Furthermore, incumbents have been much slower to react to emerging trends than the smaller attackers in the market. Nonetheless, incumbents should be able to turn this around. They should leverage their strong relationships in the financial services market and their strong brand power to become marker leaders in alternative distribution channels and bancassurance. By developing these channels parallel to their traditional sales forces, they also reduce the number of legacy issues they have to deal with and can set the aspiration of building best practice channel management capabilities. This might require them to hire the best talent and maybe even set up these new channels separate from the rest of the organization, to prevent channel conflicts. Life Insurance Growth In India
Local incumbents should also look at new growth opportunities in related financial services. This might seem like a stretch given the enormous challenges in the core life business, but there are some obvious synergies within the financial sector that are worthy of consideration by large incumbent insurers. These have already been recognized by a number of local insurance companies who have expanded domestically into banking, for example, Cathay Life in Taiwan acquired the United World Chinese Commercial Bank (now Cathay United Bank) in 2001 and Ping An in China bought 89 percent of Shenzhen Commercial Bank (later renamed Ping An Bank) in 2006. 

On the surface, expansion into banking may look obvious. Analysts tout obvious synergies such as securing control over a captive bancassurance market, cross-selling and sharing information on the customer base, and creating back-office synergies. In practice though, synergies arising from insurance-bank combinations are very difficult to achieve. For example, the Allianz-Dresdner merger in Germany took many years to realize the expected distribution benefits, and the insurer eventually chose to break off the bank.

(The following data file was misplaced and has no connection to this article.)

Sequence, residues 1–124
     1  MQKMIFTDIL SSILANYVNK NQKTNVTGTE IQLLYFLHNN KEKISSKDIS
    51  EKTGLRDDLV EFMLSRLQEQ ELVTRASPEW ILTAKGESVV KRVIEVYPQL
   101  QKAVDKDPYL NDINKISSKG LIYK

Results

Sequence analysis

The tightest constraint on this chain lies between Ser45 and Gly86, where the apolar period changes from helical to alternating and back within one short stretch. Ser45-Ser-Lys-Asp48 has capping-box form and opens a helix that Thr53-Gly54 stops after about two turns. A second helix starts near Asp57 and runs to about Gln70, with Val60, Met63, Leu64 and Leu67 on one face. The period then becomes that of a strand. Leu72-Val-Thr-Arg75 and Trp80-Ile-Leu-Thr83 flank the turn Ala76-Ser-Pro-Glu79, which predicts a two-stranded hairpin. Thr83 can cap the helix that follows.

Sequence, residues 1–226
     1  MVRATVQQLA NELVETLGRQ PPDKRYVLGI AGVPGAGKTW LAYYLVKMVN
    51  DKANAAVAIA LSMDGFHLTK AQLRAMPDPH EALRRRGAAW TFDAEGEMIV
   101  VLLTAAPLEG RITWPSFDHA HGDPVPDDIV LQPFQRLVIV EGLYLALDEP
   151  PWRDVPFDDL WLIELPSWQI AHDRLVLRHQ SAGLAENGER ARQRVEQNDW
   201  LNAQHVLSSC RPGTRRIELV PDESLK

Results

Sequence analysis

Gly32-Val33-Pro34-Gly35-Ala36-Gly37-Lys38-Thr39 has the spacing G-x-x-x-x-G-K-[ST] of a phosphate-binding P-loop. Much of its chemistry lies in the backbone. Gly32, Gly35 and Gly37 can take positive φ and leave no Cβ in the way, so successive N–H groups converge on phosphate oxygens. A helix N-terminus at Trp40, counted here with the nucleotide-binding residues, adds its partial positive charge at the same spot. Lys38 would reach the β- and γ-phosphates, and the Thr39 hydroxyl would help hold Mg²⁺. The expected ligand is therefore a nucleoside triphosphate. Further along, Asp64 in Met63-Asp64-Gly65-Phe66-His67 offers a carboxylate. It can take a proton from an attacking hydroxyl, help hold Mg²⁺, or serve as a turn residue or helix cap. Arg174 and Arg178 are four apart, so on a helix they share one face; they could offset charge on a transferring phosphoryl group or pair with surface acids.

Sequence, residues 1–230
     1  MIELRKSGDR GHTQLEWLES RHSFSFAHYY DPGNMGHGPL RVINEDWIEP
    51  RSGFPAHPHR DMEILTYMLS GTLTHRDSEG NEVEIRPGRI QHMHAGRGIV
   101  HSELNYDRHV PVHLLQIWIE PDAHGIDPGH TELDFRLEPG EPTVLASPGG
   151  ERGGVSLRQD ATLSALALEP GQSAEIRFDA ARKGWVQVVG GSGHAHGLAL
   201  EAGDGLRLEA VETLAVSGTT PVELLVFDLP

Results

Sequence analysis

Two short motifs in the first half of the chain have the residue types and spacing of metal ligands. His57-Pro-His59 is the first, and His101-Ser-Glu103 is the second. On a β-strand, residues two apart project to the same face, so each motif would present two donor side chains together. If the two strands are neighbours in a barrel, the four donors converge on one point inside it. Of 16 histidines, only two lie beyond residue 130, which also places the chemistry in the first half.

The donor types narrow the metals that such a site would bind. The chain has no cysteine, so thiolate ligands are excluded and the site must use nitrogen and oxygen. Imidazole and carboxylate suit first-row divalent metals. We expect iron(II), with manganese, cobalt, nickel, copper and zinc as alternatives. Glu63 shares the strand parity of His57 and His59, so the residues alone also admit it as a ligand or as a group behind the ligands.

Other mergers such as Travelers-Citigroup and Winterthur-Credit Suisse also demerged a few years later after it was found that the costs and complexity of integration outweighed the benefits. Another area of natural expansion into other financial services is asset management. Again, there are some obvious benefits with 80 percent of life insurance in Asia flowing into savings products. We have described the challenges and opportunities already, but again this is an area where incumbents can leverage their size and brand to create new growth horizons. Life Insurance Growth In India
Meanwhile, some larger Asian life insurers are running out of expansion space in their domestic markets. This has led a number of companies to think about extending their reach into other Asian, and even global, markets. Many Taiwanese insurers, for example, have expanded into China, including Cathay Life, which formed a life insurance joint venture with China Eastern Airlines and Shin Kong, who has a joint venture with Hainan Airlines. Ping An dipped its toes into overseas markets by opening a branch office in Vietnam. The large Japanese insurers have also begun their journey towards a more international portfolio. 

Players like Nippon Life and Dai-ichi have already set up businesses in some Asian markers and have expressed their objective to raise revenues outside of Japan. For example, Dai-ichi, in July 2008, bought 24 percent of Ocean Life Insurance in Thailand, and in October 2008 completed its acquisition of its one-third stake in Tower Australia. So far, these have been relatively timid steps by the leading Asian incumbents, but they are likely to give rise to some much larger overseas steps as they become more comfortable with forays into these markets. Of course, not all of these will be successful moves - in fact the financial crisis in 2008 has made many acquisitions look very untimely - but from the vantage point of these incumbents, this could be a step that they can ill-afford not to take in the long term. To find out more, you can check out Life Insurance Growth In India.